The result is a full contemporary collection that is a play on masculine verses feminine and casual versus dressy. There’s the Elizabeth blazer, which is tailored for a woman’s figure, and the James blazer, which has more of a boyfriend-inspired boxy fit. There are washed leather jackets; a stretch twill military-inspired top and the same top available in taffeta, for a more feminine look; supersoft shrunken T-shirts as well as oversize T-shirts; pencil skirts; cashmere sweaters; chunky knit swing jackets; oversize fur jackets, and cashmere coats. For a dressed-up look, the line includes silk dresses and a sequin minidress that was inspired by one of Mary-Kate’s vintage finds.
Siskin declined to give first-year sales projections for the brand, but said they plan to take growth slowly without oversaturating the market.
While acknowledging there may be a slight overlap between the Elizabeth and James line and L’Koral’s LaRok brand, Ashley dismissed any concerns there would be an inter-company rivalry between the two businesses, partly because the price points are different.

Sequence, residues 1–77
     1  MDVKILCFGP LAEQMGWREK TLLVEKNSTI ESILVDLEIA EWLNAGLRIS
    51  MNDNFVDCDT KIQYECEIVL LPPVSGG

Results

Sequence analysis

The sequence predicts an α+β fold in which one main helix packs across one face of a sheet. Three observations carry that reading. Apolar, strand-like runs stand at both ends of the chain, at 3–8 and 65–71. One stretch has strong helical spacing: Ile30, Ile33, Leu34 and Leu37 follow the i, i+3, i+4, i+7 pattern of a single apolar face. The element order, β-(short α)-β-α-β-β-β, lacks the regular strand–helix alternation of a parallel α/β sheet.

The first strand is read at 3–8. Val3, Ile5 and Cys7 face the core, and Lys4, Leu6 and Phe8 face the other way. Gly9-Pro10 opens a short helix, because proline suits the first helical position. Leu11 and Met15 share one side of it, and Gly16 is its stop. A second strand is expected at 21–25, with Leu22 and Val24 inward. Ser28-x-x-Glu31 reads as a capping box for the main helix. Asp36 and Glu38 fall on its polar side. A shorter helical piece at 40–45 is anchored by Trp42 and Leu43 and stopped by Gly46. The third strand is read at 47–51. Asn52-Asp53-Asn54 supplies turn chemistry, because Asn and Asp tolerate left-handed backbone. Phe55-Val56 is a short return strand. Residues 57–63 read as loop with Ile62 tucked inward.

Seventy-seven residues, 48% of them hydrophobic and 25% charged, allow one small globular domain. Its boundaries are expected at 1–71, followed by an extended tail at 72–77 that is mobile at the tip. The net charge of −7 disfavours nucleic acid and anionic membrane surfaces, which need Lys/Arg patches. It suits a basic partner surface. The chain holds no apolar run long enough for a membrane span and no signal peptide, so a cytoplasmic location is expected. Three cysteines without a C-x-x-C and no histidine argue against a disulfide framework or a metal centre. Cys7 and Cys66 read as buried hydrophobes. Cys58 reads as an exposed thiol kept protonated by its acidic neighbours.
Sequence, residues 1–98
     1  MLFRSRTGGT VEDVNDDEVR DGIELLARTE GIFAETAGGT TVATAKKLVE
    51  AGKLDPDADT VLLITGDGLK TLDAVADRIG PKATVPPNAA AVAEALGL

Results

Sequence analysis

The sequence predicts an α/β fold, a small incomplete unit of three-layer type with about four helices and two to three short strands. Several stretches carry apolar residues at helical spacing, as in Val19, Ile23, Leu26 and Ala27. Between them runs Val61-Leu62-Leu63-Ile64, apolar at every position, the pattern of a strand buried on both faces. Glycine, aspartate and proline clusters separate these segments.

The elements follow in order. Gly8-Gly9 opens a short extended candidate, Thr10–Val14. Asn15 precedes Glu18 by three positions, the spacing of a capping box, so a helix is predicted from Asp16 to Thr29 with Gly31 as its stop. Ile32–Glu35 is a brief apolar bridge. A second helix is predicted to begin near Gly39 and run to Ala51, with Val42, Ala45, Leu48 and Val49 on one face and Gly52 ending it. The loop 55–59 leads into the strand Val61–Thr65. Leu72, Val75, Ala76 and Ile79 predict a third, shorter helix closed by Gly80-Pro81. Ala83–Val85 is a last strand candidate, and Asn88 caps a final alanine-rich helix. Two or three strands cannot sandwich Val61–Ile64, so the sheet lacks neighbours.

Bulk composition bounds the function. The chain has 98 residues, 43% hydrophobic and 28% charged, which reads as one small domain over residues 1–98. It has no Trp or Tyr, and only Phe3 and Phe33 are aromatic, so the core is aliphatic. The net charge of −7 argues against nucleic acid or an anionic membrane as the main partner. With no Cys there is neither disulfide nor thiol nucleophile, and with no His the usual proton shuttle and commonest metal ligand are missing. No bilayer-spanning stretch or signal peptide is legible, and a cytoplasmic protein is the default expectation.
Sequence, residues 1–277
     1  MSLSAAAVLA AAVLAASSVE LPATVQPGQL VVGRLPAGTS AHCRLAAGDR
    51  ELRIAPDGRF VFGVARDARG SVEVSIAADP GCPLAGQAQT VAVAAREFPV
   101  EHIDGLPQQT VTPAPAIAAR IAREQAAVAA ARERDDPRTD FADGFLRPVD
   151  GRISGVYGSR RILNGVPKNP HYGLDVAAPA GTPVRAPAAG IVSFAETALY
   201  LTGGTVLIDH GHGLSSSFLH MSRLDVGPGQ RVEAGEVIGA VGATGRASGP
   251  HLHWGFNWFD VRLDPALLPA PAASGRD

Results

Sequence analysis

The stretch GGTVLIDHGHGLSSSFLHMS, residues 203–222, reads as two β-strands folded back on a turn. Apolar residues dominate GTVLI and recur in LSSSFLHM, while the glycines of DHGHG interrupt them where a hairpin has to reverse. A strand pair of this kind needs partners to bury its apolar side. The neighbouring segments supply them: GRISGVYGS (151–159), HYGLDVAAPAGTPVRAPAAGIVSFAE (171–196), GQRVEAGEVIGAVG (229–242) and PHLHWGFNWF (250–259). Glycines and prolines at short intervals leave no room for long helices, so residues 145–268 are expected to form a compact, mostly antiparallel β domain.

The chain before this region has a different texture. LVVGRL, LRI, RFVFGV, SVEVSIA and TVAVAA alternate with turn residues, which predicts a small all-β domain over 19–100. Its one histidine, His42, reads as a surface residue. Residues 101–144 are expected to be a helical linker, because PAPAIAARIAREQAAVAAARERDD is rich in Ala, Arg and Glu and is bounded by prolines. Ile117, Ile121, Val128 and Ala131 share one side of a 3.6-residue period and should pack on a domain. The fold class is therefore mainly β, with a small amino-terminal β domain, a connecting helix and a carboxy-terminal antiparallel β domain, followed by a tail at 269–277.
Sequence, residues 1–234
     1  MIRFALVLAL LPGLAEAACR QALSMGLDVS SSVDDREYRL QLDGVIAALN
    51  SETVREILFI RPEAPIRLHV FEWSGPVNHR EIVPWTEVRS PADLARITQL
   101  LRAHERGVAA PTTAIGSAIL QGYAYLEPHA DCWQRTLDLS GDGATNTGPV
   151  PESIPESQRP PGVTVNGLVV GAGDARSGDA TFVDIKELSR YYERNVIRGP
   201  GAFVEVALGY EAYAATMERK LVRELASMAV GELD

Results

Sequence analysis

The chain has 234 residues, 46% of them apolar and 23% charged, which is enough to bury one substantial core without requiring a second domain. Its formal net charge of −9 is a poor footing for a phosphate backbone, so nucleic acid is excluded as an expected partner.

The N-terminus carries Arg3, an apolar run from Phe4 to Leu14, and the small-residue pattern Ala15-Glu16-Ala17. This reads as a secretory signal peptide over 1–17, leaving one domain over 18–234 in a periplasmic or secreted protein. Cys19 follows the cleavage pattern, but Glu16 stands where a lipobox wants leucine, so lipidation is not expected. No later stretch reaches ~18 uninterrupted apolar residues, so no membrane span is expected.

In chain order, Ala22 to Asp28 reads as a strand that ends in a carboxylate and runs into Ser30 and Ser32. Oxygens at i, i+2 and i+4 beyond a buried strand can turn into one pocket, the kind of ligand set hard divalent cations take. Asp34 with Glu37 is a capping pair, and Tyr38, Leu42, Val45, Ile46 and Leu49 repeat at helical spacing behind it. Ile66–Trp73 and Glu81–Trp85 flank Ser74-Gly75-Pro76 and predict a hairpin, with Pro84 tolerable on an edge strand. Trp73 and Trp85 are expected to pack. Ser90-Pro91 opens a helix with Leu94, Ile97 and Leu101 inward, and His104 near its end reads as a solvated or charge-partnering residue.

“I think it only benefits us because they have so much experience with LaRok and the contemporary market through Jane and Peter Koral and their resources and marketing strategy,” Ashley said. “They can only help teach us about the contemporary market and guide us in the right direction.”
Ashley emphasized that Elizabeth and James won’t share any designs and fabrics with mary-kateandashley, their exclusive clothing collection for Wal-Mart, or The Row.
“They’re all parts of different companies,” she said, noting the mary-kateandashley brand is produced under license with various companies that work with Dualstar, while The Row is funded and run by the twins. “They all stand alone. They all represent a different place in the market.”
At a time when many shoppers pay more attention to trends than brands by mixing bargain purchases from fast-fashion retailers such as H&M with contemporary and designer labels, Ashley said the consumer has become more sophisticated. With wholesale prices ranging from $40 for T-shirts to $452 for a fox-fur trim coat, Elizabeth and James is intended for a woman who wants a designer garment but cannot afford it, she said.
“It’s a sophisticated, but a smart, shopper. It’s someone who understands the design aspects of fashion [and] the designer product, but also doesn’t want to pay designer prices,” Ashley said.
Ashley said Elizabeth and James will launch domestically with four collections for spring, fall, holiday and resort in limited distribution.
“A lot of [retailers] were very interested,” she said. “We were just interested in going into business with someone who wanted to be partners and grow the brand and brand awareness.”
In the end, Elizabeth and James is about their vision.